The best thing about computers is the ability to use any kind of software. In this article, I talk about four programs I use in my daily life.
While primarily used as an overclocking utility for graphics cards, I use MSI Afterburner to do something else: take screenshots in games. I find it to be very reliable at doing that, producing high-quality screenshots of the games I play, in PNG, JPG or BMP. You don’t even need an MSI graphics card to use most of its functionality. Afterburner is how I create nearly all game screenshots I use in my articles.
In addition, you can use it to record videos of your games and display an on-screen overlay showing your game’s framerate, though I would suggest using Open Broadcaster Software Studio for recording.
Recent PC games use Xbox 360 or One controllers which use the XInput controller input framework, and these games often don’t work with the older DirectInput framework that remains prevalent. Rather than buying a controller or getting used to a new one, I have the option of using programs that convert DirectInput to XInput, such as the open-source XOutput.
In addition to allowing your old controller to work with new PC titles, you can remap any button at will, which is useful if your game doesn’t support remapping the controller, and it has support for modifying the dead zones of your buttons to rectify possible issues with them.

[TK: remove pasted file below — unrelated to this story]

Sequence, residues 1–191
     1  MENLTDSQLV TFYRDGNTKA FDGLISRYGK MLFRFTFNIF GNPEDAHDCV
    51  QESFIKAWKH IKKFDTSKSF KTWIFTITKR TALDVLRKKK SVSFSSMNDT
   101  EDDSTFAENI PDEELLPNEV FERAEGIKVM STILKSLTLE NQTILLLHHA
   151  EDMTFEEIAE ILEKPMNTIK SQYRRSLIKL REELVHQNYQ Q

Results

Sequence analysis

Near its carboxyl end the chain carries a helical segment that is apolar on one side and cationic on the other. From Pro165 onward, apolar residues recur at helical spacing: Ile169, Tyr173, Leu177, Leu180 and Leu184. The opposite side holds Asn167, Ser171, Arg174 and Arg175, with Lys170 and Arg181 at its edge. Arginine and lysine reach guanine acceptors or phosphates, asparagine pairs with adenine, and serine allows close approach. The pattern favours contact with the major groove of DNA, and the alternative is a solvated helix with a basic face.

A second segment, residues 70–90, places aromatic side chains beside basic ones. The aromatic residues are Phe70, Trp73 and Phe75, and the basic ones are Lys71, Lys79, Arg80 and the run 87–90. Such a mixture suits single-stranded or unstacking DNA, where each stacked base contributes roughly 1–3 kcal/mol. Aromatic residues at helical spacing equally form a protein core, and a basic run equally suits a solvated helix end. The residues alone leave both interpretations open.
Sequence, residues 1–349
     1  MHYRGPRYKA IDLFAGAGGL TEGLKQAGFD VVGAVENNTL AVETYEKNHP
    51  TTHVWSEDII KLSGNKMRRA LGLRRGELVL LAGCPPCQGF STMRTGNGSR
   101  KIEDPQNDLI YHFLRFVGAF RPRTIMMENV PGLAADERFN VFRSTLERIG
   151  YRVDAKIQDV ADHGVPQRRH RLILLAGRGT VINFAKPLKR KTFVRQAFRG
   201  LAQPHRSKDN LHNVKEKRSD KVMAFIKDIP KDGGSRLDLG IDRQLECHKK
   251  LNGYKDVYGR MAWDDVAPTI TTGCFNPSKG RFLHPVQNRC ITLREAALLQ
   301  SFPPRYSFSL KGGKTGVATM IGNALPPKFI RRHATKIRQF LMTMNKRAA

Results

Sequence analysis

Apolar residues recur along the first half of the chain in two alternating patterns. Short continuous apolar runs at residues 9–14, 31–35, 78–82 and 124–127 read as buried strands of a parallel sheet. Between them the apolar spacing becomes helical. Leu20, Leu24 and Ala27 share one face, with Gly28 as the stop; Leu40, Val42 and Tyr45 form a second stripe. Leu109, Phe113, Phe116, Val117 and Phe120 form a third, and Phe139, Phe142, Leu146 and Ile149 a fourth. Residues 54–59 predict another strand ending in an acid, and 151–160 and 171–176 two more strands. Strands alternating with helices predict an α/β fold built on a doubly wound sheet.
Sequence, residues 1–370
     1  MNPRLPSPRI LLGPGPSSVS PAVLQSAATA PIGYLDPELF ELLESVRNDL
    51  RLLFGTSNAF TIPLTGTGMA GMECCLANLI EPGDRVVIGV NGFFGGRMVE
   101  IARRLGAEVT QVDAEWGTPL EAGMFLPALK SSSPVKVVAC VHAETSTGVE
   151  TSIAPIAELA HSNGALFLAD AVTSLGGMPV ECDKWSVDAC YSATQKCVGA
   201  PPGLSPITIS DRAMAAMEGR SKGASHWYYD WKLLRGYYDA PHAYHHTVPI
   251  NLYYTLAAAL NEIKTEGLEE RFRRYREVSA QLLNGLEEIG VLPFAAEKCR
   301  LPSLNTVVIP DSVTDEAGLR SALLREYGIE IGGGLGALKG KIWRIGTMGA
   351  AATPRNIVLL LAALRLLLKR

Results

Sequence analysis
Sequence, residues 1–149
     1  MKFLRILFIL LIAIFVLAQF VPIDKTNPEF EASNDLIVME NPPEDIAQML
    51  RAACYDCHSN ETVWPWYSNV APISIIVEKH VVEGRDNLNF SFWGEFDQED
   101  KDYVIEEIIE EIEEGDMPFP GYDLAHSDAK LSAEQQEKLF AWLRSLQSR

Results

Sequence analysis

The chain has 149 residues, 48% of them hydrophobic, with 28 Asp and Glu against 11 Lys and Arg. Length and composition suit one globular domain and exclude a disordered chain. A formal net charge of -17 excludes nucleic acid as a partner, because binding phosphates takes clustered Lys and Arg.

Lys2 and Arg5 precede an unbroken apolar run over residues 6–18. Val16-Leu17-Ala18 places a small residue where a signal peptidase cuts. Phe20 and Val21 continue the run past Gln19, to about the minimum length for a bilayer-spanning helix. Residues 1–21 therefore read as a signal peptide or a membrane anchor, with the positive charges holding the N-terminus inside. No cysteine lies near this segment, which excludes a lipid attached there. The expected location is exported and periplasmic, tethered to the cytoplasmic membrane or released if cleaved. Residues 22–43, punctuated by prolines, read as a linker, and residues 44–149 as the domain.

Free Download Manager
Whenever I download something from a site like GOG or itch.io, I turn to version 3.9.7 of Free Download Manager, a free alternative to the paid Internet Download Manager. The program has robust resume support, including replacing the download URL if it no longer works mid-way, which isn’t a feature available in most browsers. It is a very useful utility, especially for bad internet connections.
On top of what it already offers, you can install an extension for your browser to let it “catch” downloads and make it handle them for you seamlessly without copying and pasting links.
foobar2000 is a freeware audio player with advanced features such as gapless playback, interface customization, and tagging. It’s also a relatively small download at nearly 5MBs only, but that is not everything it offers.
foobar2000 sports a plugin system with “components” that you can install, which adds more features to the audio player and the capability to play audio file formats, such as Nintendo Entertainment System or Gameboy Advance audio files.
This is only a shortlist of the programs I use on my computers. There’s a lot more that aren’t game-related, such as Notepad++ for scripting and coding, GIMP for image editing, both Microsoft Office and LibreOffice for writing these posts, among others. I hope you have found my list useful!
On the gaming side of things, you might find Old PC Games with Working Multiplayer a worthy read!